Big News: FounderDating is joining OneVest to build the largest community for entrepreneurs. Details here
Latest Notifications
You have no recent recommendations.
Name
Title
 
MiniBio
FOLLOW
Title
 Followers
FOLLOW TOPIC

Question goes here

1,300 Followers

  • Name
    Entrepreneur
  • Name
    Entrepreneur
  • Name
    Entrepreneur
  • Name
    Entrepreneur
  • Name
    Entrepreneur
  • Name
    Entrepreneur
  • Name
    Entrepreneur
  • Name
    Entrepreneur

Unknown Technical Co-Founder or Known Non-Tech Co-Founder . Who is better?

Assumptions: B2C on SaaS Model.
One Founder on board (Business/Finance Type)


In Hypothetical situation where you need to choose between Technical Co Founder (Read Web Developer) and Non TechnicalFriend/Colleague (Hustler Type) who would you choose?

The question here is what is more important ? The Technical Skills of the Co-Founder or additional pair of hands (Given there is lot to do in a startup) or having very good relationship and understanding with the Co founder ?

14 Replies

Joe Albano, PhD
2
0
Joe Albano, PhD Advisor
Using the business of entrepreneurialism to turn ideas into products and products into sustainable businesses.
Think of starting a business like juggling. One ball is building the product. One ball is developing the market. Another ball is managing the money. Depending on your business and other factors, there may be more balls in the air.

The point is not how many balls are in the air. The point is that if any of the balls falls to the ground, you're not juggling any more. In this scenario, which ball is better?

If a ball is optional, it doesn't belong in your startup. If a ball is necessary, it's just as good as all of the other balls.
Noah Webster
1
0
Noah Webster Entrepreneur
Co-Founder and CEO at Joir
I agree with Joe. Which skillset is more needed? Do you have to choose just one? If you need both, and can only choose one, then is this project ready to get off the ground?
Irwin Stein
0
0
Irwin Stein Advisor
Very experienced (40 years) corporate,securities and real estate attorney.
I agree with Joe Albano. I don't see the balls as mutually exclusive. It takes a lot of different skills to create a product, fund and manage a business. FD is full of people who have one or two skills but are deficient in others. Too often they think that their skill is what is important and that they need to hold on to the lion's share of the company. Build a team of professionals who will accomplish the tasks assigned to them. This especially includes the people whose job it is to raise capital.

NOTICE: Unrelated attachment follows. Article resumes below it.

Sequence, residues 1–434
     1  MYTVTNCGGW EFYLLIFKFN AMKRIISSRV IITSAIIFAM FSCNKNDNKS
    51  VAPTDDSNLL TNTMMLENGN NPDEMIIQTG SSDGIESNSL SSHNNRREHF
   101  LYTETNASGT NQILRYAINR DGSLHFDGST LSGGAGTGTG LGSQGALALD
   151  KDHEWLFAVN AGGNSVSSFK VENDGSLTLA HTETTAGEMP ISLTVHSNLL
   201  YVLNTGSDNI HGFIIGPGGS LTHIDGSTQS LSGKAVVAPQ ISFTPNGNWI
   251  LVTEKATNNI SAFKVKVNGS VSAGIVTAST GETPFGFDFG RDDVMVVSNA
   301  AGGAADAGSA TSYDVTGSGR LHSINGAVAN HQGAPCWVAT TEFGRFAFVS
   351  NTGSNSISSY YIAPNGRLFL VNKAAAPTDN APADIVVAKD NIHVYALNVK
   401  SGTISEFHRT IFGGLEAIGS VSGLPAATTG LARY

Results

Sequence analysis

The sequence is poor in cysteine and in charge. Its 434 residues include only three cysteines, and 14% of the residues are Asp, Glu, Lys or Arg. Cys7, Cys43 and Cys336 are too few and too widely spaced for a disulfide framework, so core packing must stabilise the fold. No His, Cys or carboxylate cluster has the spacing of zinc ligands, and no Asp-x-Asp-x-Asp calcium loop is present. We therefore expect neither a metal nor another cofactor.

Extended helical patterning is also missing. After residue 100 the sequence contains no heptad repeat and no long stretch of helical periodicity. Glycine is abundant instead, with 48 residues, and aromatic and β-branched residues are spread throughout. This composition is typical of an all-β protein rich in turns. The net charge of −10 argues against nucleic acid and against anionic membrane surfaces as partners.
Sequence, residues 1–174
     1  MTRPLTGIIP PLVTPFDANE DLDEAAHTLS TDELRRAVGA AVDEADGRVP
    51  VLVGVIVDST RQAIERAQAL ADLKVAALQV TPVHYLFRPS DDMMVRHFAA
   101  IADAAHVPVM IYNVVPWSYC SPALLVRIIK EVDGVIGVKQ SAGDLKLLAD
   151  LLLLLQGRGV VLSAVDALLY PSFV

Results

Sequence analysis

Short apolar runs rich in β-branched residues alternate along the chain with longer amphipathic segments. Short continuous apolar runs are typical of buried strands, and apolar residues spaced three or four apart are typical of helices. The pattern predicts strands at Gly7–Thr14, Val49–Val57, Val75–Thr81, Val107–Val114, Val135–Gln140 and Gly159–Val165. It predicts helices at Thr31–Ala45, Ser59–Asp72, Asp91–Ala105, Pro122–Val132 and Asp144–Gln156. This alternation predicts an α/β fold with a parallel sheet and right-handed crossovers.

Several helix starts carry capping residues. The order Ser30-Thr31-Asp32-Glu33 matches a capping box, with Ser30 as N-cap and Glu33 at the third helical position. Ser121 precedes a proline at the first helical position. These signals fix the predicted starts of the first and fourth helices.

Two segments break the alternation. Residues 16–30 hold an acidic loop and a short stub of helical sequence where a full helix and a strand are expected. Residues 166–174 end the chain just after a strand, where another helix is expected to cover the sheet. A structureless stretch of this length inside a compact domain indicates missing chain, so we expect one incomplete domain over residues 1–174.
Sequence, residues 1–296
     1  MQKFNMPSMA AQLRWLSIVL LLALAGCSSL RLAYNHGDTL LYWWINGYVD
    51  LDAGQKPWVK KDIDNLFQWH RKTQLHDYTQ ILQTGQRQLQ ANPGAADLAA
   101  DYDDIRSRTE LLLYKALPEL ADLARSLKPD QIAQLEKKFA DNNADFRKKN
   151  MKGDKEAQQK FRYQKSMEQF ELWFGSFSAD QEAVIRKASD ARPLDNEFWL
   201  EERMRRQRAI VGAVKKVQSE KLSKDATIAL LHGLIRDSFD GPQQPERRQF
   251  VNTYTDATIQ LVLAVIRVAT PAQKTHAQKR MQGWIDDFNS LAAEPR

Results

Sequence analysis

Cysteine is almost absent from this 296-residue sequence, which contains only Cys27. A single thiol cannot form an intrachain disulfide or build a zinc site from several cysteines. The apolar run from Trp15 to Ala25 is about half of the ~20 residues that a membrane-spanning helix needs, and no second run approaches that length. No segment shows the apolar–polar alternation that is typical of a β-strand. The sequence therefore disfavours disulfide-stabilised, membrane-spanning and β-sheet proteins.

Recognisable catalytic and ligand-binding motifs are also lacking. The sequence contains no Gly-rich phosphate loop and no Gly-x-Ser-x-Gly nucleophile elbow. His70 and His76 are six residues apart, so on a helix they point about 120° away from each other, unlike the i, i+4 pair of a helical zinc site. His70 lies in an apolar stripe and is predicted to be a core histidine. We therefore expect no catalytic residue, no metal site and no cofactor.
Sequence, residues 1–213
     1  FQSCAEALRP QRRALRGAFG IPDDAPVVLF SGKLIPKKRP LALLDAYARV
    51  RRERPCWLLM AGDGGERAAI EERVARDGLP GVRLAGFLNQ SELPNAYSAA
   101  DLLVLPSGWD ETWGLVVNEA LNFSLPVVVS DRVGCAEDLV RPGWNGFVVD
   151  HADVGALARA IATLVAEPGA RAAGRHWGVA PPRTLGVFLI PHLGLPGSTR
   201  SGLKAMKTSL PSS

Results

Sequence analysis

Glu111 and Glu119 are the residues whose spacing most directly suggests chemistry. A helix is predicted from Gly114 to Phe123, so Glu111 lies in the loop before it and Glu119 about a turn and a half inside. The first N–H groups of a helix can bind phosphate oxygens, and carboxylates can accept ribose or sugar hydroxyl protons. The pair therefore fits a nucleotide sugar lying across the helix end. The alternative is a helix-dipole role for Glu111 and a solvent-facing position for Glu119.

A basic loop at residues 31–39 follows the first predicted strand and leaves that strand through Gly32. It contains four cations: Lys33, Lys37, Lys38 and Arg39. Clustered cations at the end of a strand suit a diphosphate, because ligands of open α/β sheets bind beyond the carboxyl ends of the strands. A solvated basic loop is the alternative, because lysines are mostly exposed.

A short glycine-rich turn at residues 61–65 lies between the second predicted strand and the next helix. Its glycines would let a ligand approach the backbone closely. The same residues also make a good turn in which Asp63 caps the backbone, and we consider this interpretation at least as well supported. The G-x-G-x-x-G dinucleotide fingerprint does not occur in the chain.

David Rueter
1
0
David Rueter Entrepreneur
Empowering businesses to improve and get lean through technology and best practices.
I'll go out on a limb here: Neither. Why? Since you are pondering the question, evidently neither strikes you as essential to the success of the business.

A person who is not essential to the success of a startup is probably going to be dead weight or worse. To elevate the role of such a person to a board-level position compounds the problem.

Success is more important than optics. Assemble the team that is essential for and passionately focused on success, and go execute.

***Learned repeatedly from the school of hard knocks.
Neil Licht - HereWeAre
1
0
Want To find-close Business Online without competition Before They Google Search? We solve this problem 1(508)-481-8567
Neither type is the primary concern at the founding time.

What matters is that you first know for sure that you have a market, who it is, that they would buy, why they would buy and how many would buy. You also must know your window of opportunity, costs, marketing costs, product costs upfront.

Now you can decide what your co-founder should be skill wise because you know, you have not guessed re what it will take and when to get the product/idea/solution into a marketable fashion and how to pre-seed the market so it is ready to buy.

You will also know if your idea is actually marketable and buyable and by whom. You need a marketing type to research it, validate it and then manage how to go after real world clients asap, not a tech person.

Based on that now You also know whats needed tech wise to develop the product and which tech types/skills to bring onboard ASAP. One of you needs the management skillset side to run the show, project manage, finance management.

So, you really cant answer that question as you posed it nor should you until you have answered my first segment questions above.
Syed Abdul Basith
0
0
Syed Abdul Basith Entrepreneur
Business Architect
@JoeThe juggling analogy is great... It puts things intoperceptive....

@Irwin, Your comment "FD is full of people who have one or two skills but are deficient in others. Too often they think that their skill is what is important and that they need to hold on to the lion's share of the company." is spot on.Everyone thinks their skill/area is the most important and it takes a lot of courage to let go off all the control. But it isenlighteningfor me, will hold onto it.